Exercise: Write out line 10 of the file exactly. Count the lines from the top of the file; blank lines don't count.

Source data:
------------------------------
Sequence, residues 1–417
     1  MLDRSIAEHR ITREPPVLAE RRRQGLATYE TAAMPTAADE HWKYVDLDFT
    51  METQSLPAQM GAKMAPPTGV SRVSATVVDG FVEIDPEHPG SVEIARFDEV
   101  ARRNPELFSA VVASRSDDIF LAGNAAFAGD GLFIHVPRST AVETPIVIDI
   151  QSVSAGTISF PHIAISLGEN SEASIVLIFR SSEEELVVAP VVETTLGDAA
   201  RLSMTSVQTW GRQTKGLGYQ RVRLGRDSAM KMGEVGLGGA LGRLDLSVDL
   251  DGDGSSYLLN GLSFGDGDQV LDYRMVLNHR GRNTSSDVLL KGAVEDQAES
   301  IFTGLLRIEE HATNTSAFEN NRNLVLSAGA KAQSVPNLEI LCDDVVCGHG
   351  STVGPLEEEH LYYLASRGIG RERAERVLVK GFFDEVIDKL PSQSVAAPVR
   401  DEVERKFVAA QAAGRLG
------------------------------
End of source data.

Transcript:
   401  DEVERKFVAA QAAGRLG